“I can’t wait to get on Medicare!” I’m hearing that more often from people approaching 65 years old. Since the passage of the Affordable Care Act (ACA) in 2010 health insurance has become anything but affordable. I know people paying more for their health insurance than they pay for their mortgage. On top of that, deductibles and out-of-pocket expenses reach into the thousands of dollars before insurance pays anything. Signing up for Medicare seems to hold the promise of better care for less money. But if you think Medicare pays all healthcare expenses when you become an eligible, mature citizen—it’s not going to happen.
Medicare does pay a large portion of medical expenses for Medicare recipients, but it’s not the end-all be-all. It’s not what you’re used to with employer-sponsored healthcare plans and there are some surprising things Medicare does not cover that can put a sizable dent into your retirement budget or in the case of long-term care, bankrupt you.
Original Medicare is made up of Parts A and B. Part A is hospital insurance and is free for most people who paid FICA taxes for at least 10 years. Part B provides medical insurance, things like outpatient services and doctors’ fees. There is a monthly premium for Part B and when you’re receiving Social Security benefits, the Part B premium is automatically deducted from your check. Some folks are surprised when they discover that both Parts A and B have annual deductibles and co-payments you have to pay.
Prescription drugs are part of almost every retiree’s healthcare program. However, Original Medicare doesn’t pay for out-patient prescriptions. For drug coverage, you have to buy Part D Medicare. If you or your spouse are still working and have drug coverage through your employer there’s no need to enroll in Medicare Part D until the employer coverage ends. You can sign up for Part D, penalty-free, during special enrollment periods.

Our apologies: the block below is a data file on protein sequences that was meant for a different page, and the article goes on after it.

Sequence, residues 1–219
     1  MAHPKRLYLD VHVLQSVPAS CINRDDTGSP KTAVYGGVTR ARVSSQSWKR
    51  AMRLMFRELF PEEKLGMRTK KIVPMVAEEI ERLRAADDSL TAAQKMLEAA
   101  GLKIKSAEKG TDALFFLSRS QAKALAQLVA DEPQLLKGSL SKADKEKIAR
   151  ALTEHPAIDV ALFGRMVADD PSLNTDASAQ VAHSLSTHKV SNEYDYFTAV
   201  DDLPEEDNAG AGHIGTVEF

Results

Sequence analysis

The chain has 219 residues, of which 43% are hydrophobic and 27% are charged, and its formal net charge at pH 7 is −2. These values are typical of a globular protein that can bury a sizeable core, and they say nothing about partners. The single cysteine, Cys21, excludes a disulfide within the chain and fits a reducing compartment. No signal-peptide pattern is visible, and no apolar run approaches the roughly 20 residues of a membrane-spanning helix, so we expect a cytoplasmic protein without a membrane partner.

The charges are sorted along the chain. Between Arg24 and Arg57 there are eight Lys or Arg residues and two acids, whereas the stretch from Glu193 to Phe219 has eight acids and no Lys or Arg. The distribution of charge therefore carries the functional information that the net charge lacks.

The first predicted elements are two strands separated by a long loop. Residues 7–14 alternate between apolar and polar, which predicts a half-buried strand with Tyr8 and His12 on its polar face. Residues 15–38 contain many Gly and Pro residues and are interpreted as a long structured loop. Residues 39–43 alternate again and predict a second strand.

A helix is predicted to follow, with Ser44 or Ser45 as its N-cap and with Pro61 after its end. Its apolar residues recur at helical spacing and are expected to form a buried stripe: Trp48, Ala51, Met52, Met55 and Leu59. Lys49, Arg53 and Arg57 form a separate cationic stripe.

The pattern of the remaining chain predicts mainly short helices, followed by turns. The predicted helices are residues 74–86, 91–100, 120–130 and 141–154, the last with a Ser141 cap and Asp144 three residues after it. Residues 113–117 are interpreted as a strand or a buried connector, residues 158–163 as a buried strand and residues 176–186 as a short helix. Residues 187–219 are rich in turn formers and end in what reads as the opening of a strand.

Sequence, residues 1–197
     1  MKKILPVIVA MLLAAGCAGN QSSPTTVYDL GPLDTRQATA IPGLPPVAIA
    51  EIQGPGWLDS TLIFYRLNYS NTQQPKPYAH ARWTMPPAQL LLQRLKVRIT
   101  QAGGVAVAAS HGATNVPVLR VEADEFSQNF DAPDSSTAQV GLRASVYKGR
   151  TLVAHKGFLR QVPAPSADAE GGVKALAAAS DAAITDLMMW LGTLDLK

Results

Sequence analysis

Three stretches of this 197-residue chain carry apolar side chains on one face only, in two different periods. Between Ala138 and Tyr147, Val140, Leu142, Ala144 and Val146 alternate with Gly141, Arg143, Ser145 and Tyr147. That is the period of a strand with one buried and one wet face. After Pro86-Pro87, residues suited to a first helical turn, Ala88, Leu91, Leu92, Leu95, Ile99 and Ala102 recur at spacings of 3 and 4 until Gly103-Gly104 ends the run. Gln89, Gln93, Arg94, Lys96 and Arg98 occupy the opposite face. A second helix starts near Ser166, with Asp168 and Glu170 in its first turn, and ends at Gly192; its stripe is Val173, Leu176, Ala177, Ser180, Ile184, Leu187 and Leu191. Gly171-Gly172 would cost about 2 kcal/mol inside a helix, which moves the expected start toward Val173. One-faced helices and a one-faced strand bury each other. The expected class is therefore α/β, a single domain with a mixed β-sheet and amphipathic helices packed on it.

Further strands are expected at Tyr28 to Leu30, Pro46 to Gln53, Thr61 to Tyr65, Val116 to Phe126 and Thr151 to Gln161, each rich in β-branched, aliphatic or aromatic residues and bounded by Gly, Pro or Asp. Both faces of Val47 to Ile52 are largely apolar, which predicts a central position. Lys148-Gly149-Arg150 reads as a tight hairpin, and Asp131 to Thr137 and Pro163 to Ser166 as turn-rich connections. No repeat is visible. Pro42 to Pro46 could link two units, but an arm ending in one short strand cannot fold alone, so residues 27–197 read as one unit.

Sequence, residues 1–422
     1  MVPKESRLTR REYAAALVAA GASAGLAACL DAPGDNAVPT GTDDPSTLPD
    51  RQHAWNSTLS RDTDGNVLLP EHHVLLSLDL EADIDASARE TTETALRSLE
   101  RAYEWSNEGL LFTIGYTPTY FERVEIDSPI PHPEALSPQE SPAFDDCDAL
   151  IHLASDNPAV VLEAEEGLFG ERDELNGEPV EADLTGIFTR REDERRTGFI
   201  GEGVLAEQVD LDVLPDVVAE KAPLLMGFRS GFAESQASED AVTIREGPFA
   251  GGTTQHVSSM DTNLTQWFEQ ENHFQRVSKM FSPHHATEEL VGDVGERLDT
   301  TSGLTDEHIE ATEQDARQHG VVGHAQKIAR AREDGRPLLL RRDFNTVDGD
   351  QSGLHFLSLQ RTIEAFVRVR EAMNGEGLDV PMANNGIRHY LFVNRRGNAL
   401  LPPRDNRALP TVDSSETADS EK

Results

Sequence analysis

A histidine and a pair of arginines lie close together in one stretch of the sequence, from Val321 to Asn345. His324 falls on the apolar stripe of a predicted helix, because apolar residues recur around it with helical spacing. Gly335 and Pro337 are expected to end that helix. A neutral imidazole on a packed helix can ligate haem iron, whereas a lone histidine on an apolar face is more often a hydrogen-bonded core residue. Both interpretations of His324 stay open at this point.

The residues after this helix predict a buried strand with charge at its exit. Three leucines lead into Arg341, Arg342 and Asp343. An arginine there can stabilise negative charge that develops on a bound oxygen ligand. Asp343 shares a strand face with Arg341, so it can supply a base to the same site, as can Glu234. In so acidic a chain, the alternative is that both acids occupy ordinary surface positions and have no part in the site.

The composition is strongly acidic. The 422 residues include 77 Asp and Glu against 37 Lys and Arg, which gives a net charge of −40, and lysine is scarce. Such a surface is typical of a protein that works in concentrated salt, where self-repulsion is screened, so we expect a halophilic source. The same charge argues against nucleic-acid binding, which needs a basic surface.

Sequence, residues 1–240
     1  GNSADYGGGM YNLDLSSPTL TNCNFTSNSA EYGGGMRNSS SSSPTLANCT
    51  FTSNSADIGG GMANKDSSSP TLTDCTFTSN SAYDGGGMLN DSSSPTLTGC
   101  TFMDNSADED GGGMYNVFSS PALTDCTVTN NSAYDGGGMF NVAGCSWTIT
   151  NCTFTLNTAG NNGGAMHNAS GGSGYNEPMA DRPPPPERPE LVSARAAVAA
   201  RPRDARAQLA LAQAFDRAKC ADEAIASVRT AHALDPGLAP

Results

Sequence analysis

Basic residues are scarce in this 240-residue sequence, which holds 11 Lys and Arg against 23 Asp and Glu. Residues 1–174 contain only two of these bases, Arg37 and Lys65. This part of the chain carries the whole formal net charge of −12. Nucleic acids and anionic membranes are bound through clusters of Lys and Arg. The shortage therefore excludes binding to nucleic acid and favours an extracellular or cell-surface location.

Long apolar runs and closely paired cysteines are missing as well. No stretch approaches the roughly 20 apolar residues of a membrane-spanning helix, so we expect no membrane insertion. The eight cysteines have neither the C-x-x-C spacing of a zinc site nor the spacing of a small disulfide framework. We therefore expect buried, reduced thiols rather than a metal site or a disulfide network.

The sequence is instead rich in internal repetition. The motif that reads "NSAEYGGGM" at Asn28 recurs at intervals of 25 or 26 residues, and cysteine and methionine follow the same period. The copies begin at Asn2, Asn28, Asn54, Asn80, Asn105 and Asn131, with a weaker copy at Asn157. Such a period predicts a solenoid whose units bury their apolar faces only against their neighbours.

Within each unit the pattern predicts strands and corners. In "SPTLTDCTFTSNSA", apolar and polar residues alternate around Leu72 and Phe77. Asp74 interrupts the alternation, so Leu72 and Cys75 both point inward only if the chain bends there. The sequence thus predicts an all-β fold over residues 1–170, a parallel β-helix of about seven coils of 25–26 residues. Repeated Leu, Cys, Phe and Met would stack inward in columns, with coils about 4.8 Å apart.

With Medicare coverage, you want to see all your options clearly. So, it’s surprising that Medicare doesn’t cover routine vision care, things like eye exams, glasses, contact lenses or prescription sunglasses. That comes out of your pocket unless you have a separate vision plan.
Something else that can take a bite out of your retirement budget is dental care. It’s another part of retiree healthcare that Medicare does not cover—not exams and not dentures. If you want dental care you have to buy a separate dental plan.
If all this sounds shocking to you, maybe you need to have your hearing checked. If you do, you’ll have to pay for it. If you need hearing aids, you have to come up with the $5000-$10,000 for hearing devices because Medicare does not cover hearing aids or exams for fitting them. Recently the Food and Drug Administration created a new category for hearing devices. They can be purchased over-the-counter and are less expensive than other personal sound amplification devices (PSAP) but the cost is still your responsibility.
And here’s a shocker for many older Americans. Medicare will not pay for long-term care. You didn’t see that one coming, did you? If you need long-term care it can eat up your life savings quickly. According to the 2018 Genworth Cost of Care Survey, the national median cost of staying in an assisted living facility is $48,000 a year. The annual median cost of care in a private room at a nursing home is more than $100,000.
So, what’s a Senior Citizen to do? One option is to purchase a Medicare Advantage plan. MAs are Medicare-approved health insurance plans sold by private insurance companies. They can help pay for costs Medicare does not such as Part A and Part B deductibles, co-pays and coinsurance, vision, hearing, dental, and prescription medicine. If you choose a Medicare Advantage plan you must use Medicare-approved doctors and facilities.
Another option is to purchase a Medigap or Medicare Supplement policy. You can see any doctor, provider or facility you choose however most Supplement policies do not provide for vision, hearing, dental, or prescription coverage. Those must be purchased separately in addition to the Medigap plan.
As for long term care, your options are to purchase a long-term care insurance policy; a life insurance policy or annuity with a long-term care rider; setting aside funds to be used exclusively for long-term care; or moving to a retirement community that provides progressive care.
Don’t wait until it’s time to sign up for Medicare to get all the details. Start educating yourself now.